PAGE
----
There's been a lot of bad news in the world of alt-weeklies over the past month or so: The San Francisco Bay Guardian closed abruptly in October. The same day, the Knoxville News Sentinel announced that it was shutting down the alt-weekly Metro Pulse. But here at Baltimore's most stubborn alternative weekly, we think some of the most important work is still being done at alt-weeklies across the country. To that end, we're launching a new weekly column, This Week in Alts, that highlights the work we've read that we found interesting.
Nashville Scene, "At some overcrowded Nashville schools, the student body is only getting bigger" Many school districts make use of portable classrooms, those metal trailers that sit perched outside the main school building, as a way to serve growing student populations. But one Nashville elementary school has 22, and they aren't exactly luxurious: "Kristen Vaugh had been warned [when she volunteered] to teach in a portable classroom behind Tusculum Elementary School. A few inconveniences, she expected. But nobody told her she'd have to battle so many wasps. Or what it would really be like to keep her students' attention when her classroom's temperature soared to 82 degrees in the first days of school. Or when temperatures plunged last week, with winter yet to begin . . . She'll have to hope all her kids have jackets, hats and gloves and don't lose them during the day, as happens all the time in schools across the city. At her school, many parents can't afford to replace them." It's only one symptom of the struggle to keep up with a quickly growing population at a school where nearly 80 percent of students speak a language other than English at home and only about 25 percent of the students perform at grade level. This feature, the second installment of the Scene's three-part series on the Nashville school system, is an in-depth look at the problems of another struggling urban school system.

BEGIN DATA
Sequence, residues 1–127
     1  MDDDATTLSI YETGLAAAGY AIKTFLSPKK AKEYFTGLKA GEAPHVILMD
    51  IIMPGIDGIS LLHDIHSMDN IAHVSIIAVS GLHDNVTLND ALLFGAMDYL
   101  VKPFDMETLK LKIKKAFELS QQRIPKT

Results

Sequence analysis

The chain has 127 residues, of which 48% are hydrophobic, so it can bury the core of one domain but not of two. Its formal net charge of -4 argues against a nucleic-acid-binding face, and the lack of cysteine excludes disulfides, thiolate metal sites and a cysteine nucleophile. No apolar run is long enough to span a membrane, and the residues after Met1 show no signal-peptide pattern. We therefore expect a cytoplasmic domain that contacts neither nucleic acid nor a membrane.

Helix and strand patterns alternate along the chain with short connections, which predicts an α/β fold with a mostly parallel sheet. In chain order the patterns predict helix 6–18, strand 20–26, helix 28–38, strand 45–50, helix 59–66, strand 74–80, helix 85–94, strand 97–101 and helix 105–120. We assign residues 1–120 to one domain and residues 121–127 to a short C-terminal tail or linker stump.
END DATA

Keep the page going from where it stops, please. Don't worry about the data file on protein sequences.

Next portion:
Washington City Paper, "From Refugee to Restaurateur, Seng Luangrath Prepares to Open D.C.'s First Laotian Spot" Our neighbors down I-95 profile the chef behind D.C.'s Thip Kao, the city's first Laotian restaurant "and one of relatively few beloved immigrant-run suburban establishments to make the jump into the city." Seng Luangrath's road to restaurant ownership was far from easy—she fled the political unrest in Laos in 1981 when she was 12 years old. "Luangrath, her mom, two brothers, and uncle left in secret with only the clothes on their backs, plus some money and jewelry. They took at a bus to an area near the border with Thailand, arriving at night. With the help of guides, they were taken under cover of darkness to the banks of the Mekong River, where a boat awaited them."
L.A. Weekly, "In the Gay Wing of L.A. Men's Central Jail, It's Not Shanks and Muggings But Hand-Sewn Gowns and Tears" As far as L.A. Weekly has been able to determine, the gay wing of L.A. County Sheriff's Men's Central Jail is the only one of its kind in the country. "K6G," as the wing is called, is limited to transgender women and gay men, and was set up "in response to a 1985 ACLU lawsuit, which aimed to protect homosexual inmates from a higher threat of physical violence than heterosexuals faced. But something unexpected has happened. The inmates are safer now, yes. But they've surprised everyone, perhaps even themselves, by setting up a small and flourishing society behind bars. Once released, some re-offend in order to be with an inmate they love. There are hatreds and occasionally even severe violence, but there is also friendship, community, love—and, especially, harmless rule-bending to dress up like models or decorate their bunks, often via devious means." Inmates have to pass a screening test, in which the Sheriff's Department weeds out straight men who might be trying to get into the wing to avoid the gang violence of the rest of the jail population by asking them detailed questions about gay culture and nightlife in Los Angeles.